- Do the people you want to attract respond better to certain types of communications?
- Does your mission seem meaningful and engaging? Does it address issues that a specific generation is attracted to or has concerns about?
- Do your descriptions help a donor feel like they can be an active participant in your mission?
- Do you provide validation to donors in your description of accomplishments that helps them see the outcomes of their support?
- Will referencing support of a “member” or “partner” help a donor feel they can become involved?
- Are you using the right language to attract donors that may have an interest in giving through a will or living trust?
- Would it be effective to describe and provide links to more far-reaching digital tools, such as social media campaigns, to attract a large number of small donations?
- Do you effectively utilize a blog, Twitter or other social networking sites?
- Do you know how to speak to and attract a long-term donor?
- Do you know how to send a message that will get noticed, catch on and spread the word?
Giving your readers information about what you do with their generational needs and concerns in mind can be helpful in connecting with them as you describe your mission and activities in your Form 990.
Many donors and charity evaluators have been very focused on outcomes in recent years. Since the information from Form 990 is more readily available and increasingly in a readable format, many industry partners are jumping on the bandwagon, either for philanthropic or commercial purposes. Data about organizations is now gathered, analyzed and compared to describe and compare your nonprofit to other organizations. At the same time, others are compiling and analyzing data and demanding more concrete information about performance. It is often now expected that an organization devote resources to measuring and communicating how they have used funding to effectively produce outcomes, as well as justify that the outcomes are appropriate. It can be a balancing act between serving your mission and satisfying the new performance-oriented donor or member. An organization that does not focus on and effectively communicate its results may be at a disadvantage when seeking grants, contributions, dues and other resources.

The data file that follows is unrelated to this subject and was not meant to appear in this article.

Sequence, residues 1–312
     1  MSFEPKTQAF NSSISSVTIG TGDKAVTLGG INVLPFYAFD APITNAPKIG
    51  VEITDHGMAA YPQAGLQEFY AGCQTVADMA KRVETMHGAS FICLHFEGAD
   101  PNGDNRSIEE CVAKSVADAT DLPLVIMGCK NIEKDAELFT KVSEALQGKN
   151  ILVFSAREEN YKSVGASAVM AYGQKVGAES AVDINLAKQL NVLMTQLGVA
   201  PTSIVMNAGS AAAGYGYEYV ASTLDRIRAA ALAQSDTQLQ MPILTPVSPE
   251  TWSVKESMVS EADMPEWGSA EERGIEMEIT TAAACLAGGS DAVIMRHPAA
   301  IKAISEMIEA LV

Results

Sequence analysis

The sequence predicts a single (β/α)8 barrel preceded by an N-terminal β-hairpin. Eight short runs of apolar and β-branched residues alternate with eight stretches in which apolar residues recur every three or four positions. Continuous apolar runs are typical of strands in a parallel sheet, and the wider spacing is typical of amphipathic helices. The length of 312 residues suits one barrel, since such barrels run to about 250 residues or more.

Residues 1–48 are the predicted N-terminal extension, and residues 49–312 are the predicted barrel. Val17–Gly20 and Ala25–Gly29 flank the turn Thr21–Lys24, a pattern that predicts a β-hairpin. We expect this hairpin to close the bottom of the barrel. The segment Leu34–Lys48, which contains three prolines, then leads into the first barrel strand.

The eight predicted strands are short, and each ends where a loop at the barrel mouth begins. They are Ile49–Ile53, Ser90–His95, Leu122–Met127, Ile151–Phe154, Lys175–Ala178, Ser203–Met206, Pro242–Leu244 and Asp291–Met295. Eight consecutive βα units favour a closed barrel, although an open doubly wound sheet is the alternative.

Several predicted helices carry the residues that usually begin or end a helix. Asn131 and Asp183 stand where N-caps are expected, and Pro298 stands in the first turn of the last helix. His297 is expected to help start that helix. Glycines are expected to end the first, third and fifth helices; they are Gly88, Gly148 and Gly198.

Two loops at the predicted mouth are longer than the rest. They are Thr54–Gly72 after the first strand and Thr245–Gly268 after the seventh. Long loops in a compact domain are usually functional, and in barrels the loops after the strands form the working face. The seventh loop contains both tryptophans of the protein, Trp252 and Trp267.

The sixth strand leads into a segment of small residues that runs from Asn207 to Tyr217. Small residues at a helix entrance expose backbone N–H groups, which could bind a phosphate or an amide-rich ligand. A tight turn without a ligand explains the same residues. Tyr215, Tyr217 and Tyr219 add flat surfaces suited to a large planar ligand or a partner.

Share your Story
Storytelling can be an effective communication tool. Stories influence a reader and help people remember facts and circumstances. As such, they provide nonprofits an opportunity to better connect with donors, which can prompt them to be more generous. Stories can also instill a sense of urgency or need, as they have the power to paint a picture. Be sure to state what you stand for and connect them with an image or activity readers will remember. To accomplish this, you may want to include other members’ perspectives of your organization in the Form 990 preparation process. Many organizations now have a final review by their development department or the social media team to help provide this collaborative overview. Above all, whatever you use to describe your organization for Form 990 purposes, you should always consider your larger audience. Although you may want to be brief and quickly scratch off the Form 990 preparation from your to-do list, targeting your readers and telling your story can provide a significant advantage to nonprofits. But remember, you’re also talking to the IRS.
This article originally appeared in BDO USA, LLP’s “Nonprofit Standard” newsletter (Summer 2015). Copyright © 2015 BDO USA, LLP. All rights reserved. www.bdo.com